Julie Lythcott-Haims is rooting for you.
Actually, she’s rooting for all humans, and she writes and speaks in service of helping them achieve their dreams.
Lythcott-Haims is a New York Times bestselling author, speaker, and activist who wrote the anti-helicopter parenting manifesto How to Raise an Adult. Her most recent book, Your Turn: How to Be an Adult, was just published in April 2021. Lythcott-Haims lives in the San Francisco Bay Area with her partner of more than 30 years, their two young adults, and her mother.
Lythcott-Haims spoke with Her Agenda about her new book, her goals for 2021, parenting, and more.
Her Agenda: You’ve written three books so far. What are some of the main takeaways from each one?
Julie Lythcott-Haims: The first book, How to Raise an Adult, is a fierce critique of helicopter parenting and a fierce insistence that young people need to be allowed to try and fail through childhood so they can be successful adults. Parents need to back off and stop micromanaging in order for their kids to live a healthy adult life.
The second book, Real American, is on being Black and biracial growing up in white spaces dealing with microaggressions and racism, and descending from the innocence of childhood into a place of self-loathing or internalized oppression, and coming out of that— doing the work to name that and tame that and ultimately claim my self love as a Black woman. It’s a prose/poetry memoir, so the language in some places dances and stomps its foot and sings.
My third book, Your Turn: How to Be an Adult, is the companion to the first. It’s me directly speaking to anybody, specifically young people emerging into adulthood, who are feeling “I can’t, I don’t want to, adulting is hard.” I put the lives of close to three dozen other people in the pages in order for it to be a very inclusive book. It’s implicitly a book that says “If we’re going to talk about a subject that relates to all humans, we have to put all humans in these pages.”
Too many non-fiction self-help books purport to be for all, but the examples are all drawn from a narrow slice of the human community, say the straight white middle-class slice, and my book rejects that. That’s the subversive element of the book, it’s saying if we really want all lives to matter, we have to put all lives on the page. So this is my effort as a Black writer to demonstrate how within our writing we can help advance our antiracism philosophy and how to actively deconstruct implicit assumptions about whiteness being the norm.
Her Agenda: I recently watched your TED Talk about anti-helicopter parenting and something that really stood out to me from that is when you said, “Kids aren’t bonsais, they’re wildflowers.” Could you explain what you mean by that and how that approach to parenting can help raise successful kids?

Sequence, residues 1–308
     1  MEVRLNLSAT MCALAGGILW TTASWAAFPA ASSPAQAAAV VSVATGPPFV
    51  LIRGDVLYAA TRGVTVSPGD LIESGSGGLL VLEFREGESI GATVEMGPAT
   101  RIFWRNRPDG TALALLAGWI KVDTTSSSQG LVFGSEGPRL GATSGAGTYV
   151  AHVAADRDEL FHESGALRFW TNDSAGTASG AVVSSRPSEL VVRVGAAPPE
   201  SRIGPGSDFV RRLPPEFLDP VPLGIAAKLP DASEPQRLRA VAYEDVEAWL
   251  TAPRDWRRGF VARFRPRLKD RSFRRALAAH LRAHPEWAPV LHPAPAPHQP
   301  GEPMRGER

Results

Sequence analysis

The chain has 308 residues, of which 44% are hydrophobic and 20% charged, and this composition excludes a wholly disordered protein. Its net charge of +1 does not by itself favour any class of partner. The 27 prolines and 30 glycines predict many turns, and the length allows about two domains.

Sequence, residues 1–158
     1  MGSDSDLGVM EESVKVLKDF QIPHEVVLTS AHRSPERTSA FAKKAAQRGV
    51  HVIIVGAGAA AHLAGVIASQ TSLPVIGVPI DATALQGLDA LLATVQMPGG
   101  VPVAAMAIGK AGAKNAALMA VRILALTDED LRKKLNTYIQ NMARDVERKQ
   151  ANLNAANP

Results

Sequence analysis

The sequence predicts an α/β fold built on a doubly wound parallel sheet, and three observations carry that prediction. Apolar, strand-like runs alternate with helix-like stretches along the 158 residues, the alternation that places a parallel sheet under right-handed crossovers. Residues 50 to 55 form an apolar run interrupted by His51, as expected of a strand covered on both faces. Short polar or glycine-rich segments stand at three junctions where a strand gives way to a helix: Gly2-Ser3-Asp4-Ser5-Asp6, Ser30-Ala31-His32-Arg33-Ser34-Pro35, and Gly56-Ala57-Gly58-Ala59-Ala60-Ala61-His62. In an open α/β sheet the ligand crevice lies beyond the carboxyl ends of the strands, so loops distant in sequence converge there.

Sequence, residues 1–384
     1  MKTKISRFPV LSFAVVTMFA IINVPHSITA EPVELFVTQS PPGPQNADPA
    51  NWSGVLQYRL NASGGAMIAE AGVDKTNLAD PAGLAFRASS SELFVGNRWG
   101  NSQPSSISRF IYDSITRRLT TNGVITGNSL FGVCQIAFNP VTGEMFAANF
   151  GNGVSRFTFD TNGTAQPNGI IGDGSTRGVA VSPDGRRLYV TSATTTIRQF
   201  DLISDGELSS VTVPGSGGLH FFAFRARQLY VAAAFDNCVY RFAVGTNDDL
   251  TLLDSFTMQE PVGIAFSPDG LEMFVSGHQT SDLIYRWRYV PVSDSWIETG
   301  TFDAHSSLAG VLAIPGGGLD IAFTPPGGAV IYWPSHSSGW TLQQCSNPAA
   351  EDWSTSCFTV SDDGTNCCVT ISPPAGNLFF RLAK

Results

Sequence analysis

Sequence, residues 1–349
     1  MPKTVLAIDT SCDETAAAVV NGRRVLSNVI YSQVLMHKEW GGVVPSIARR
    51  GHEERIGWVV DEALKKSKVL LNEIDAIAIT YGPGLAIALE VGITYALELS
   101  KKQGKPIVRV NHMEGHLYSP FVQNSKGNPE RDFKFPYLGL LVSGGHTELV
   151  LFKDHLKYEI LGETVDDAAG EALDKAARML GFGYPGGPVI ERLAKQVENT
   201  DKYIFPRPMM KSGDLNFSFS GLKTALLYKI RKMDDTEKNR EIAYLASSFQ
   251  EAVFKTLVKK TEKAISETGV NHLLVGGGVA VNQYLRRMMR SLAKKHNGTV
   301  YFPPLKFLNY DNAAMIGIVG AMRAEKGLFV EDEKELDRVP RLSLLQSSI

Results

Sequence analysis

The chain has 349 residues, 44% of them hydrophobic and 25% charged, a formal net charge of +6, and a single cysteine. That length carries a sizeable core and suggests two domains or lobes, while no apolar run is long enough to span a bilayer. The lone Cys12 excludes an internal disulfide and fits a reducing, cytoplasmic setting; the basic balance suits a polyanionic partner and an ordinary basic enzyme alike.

Julie Lythcott-Haims: My vantage point is as a former college dean. I was a dean watching 18 to 22-year-olds make their way through college. I’m not a parenting expert; it just happens that parenting is the problem animating a lack of ability and resilience in young people.
A bonsai tree exists because a gardener has imagined what it should be. A bonsai tree is carefully cultivated and shaped to resemble what the gardener imagines as the ideal. Too often, children are raised that way. A parent has the vision of the ideal child, meaning what they will study, who they will love, what they will become, what they will earn, how they will contribute in life. The child is effectively the product of the parent’s imagination. It’s a deeply arrogant, problematic approach to parenting.
A wildflower simply grows as it is. If it has sunlight and water, it grows and becomes itself. And usually, it’s gorgeous. Even a weed is a wildflower, but it is strong. These wildflowers have agency. They are becoming themselves, where the bonsai tree is simply the project of a gardener.
Her Agenda: Your third book, Your Turn: How to Be an Adult, was published this month. What was your inspiration to write it?
Julie Lythcott-Haims: My publisher wanted a sequel to the New York Times bestseller. I signed a contract to write that book, and then for about three years I just struggled with how to write it because I didn’t feel that I was an authority on adulting. But then I realized, who is an expert on adulting? Adulting is simply the stage of life you enter if you survive childhood. There’s nothing mysterious about it, it’s just the next phase where you’re no longer somebody’s bonsai tree.